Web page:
Getting ready for a boy is one of the loveliest things about being a lass that ever could be…. But Annabell wasn’t getting ready for a boy. Or a gentleman caller. Or a daytime wooing for that matter. But Theodore put Annabell in such a state that she couldn’t help distilling the instincts that came with such desires– to be wanted by this boy-now-man, with his strong arms and excellent aim. She couldn’t help but want to put herself together, and she took a moment in her tizzy to think about what she could do, –what she WOULD do–, when she and Teddy took a moment to paint the town red, white and Mason.
“He is here to work, Annabell. He’s a worker… he works for us. He works for us?” she whimpered to herself. “Don’t try too hard. Don’t overexert yourself in affairs that have nothing to do with today. Or any other day, for that matter…. Maybe I’m not to his liking? Maybe he ‘likens to lasses’ of the flaxen hair variety!”
Annabell inspected her reflection a moment. She pulled several strands of hair into the light. Just as she had expected. She did have some natural wheat-colored highlights woven into the dark mane (which she had always disdained in her youth, but had grown to love over the years… including the many compliments that came along with being a rare brunette in a corn field).
Now if, IF, Teddy had been arriving to entertain her fancies and tempt the Tunis of her heart… IF he had… Annabell drifted for what seemed like hours (though, really only a few seconds) into the fairytale thoughts of what getting ready for that moment would look like:
Her customary… routine, one might say… would be ceremonial in tone, this preparation for Theodore…. (If Theodore were a gentleman caller, which in that instance he most certainly was not.) It would begin with a long, slow bath of milk and honey, soaking up the conditioning and cooling elements just long enough– but not too long, so as to not appear tethered as a prune. After this porcelain dance, which would bring some of her stillest moments (pondering the usual ponderings of a girl who was all of eighteen –and a half–, and being courted), she would then slowly rise and reach for a blanket of just-hung towels (of the highest quality cotton available), and continue the reverie: Where would he take her; whom would they see; at what points during their timely juncture would she play coy, feign interest, or flirt with the flightiest of lilting feminine wiles?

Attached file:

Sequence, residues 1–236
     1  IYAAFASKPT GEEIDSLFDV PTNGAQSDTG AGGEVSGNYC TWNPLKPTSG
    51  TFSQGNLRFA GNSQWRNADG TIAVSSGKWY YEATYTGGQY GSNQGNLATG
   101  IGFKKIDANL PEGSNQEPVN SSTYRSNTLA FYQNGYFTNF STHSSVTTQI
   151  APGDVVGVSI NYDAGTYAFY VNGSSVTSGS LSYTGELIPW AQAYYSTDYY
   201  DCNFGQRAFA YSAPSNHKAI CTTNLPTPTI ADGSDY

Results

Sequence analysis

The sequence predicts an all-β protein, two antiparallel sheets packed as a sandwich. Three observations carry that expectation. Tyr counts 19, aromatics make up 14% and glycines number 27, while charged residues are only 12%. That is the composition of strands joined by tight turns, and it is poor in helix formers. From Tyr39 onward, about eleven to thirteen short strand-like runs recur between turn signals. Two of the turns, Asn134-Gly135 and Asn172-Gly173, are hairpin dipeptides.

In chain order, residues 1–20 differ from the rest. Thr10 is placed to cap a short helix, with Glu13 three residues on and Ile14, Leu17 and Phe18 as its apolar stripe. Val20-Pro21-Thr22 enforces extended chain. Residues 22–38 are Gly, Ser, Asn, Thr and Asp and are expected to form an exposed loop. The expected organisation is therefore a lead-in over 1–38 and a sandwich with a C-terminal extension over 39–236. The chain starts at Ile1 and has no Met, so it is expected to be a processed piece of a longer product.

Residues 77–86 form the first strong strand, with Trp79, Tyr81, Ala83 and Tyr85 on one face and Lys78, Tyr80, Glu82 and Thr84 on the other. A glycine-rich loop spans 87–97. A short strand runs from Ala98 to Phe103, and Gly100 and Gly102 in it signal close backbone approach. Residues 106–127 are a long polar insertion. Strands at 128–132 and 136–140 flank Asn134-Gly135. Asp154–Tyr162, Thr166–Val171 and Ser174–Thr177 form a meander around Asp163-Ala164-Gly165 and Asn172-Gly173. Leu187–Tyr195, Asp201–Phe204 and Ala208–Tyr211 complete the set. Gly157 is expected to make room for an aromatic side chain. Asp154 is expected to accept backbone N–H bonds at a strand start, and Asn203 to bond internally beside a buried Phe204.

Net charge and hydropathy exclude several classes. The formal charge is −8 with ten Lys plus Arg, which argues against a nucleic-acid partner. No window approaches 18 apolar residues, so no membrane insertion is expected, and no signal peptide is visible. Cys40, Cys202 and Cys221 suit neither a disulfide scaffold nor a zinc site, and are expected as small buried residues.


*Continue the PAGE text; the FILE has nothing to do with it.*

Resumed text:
Then, upon coming out of her dream-like state, some lavender sauce would be in order to spruce up the underarms and under carriage. (This was a secret that Annabell had learned one day by getting stuck on the underside of her mother’s day bed; she was supposed to have been focusing on her studies, but had instead decided that she would get more of life’s important ‘importants’ by playing dress-up in her mother’s well-traveled, society-gal trunk.) Next on the agenda would be a bit of olive oil (with a splash of lemon juice) at the scalp, to keep the light hitting all the right reflections of the flaxen streaks, which she desperately held onto amidst the blackbird, topsy-turvy tendrils. And last but not least, in the tending to the garden, some talcum powder to keep the glow aglow– and not a tinge more.
When Annabell paraded herself through the lane of her down-to-an-art-like getting-ready process, she would begin to feel the slight fluttering of the ladybug wings winnowing in her belly at the thought of the faint brush of two hands, a longing look that could potentially lead to the fingering of a cheek… (“Oh, Theodore, pray tell, did I have something that landed upon this-here cheek of mine?” Then she would try to remove it –unsuccessfully–, forcing Theodore to touch her again and again…) Or the end-all to end all… a goodnight kiss that would take the rubber right out of her knees, and remove that tourniquet which surely had been holding up her balance by a thread (only to be slipped out as though the slot were meant to be un-slipped).
The carefully-picked-from-the-night-before ensemble would lay effortlessly on the edge of the bed, jarring her into the reality that she indeed would have experiences outside of her head that evening. And then, when finished the task of presentation, she would look in the mirror from across the room and nod in agreement with the reflection that was Annabell.
Yes. The act of getting-ready-to-be-fawned-over, for being the slight-of-girl she was known to be, was just as important (if not more!) for a positive result of what an afternoon or evening could be, as the event itself. As frilly and silly as Annabell had struggled with being during the awkward adolescence-into-womanhood transition to which she had succumbed, she had made it her personal plight and a vendetta against every unruly moment leading up to this new-found freedom and power of being a woman in-demand– and she had vowed to be perfect at it. Her routine was sacred. Timed to the second. And truly her way of remaining in control of the day’s occurrences. She even thought about writing a book or an article about it, on the process of getting ready for the one you may (or may not) love… or, in a shorter pass at the title, “How to be Admired.” A practice and perfection that she insisted upon and demanded of herself to keep the upper hand in all of her relations.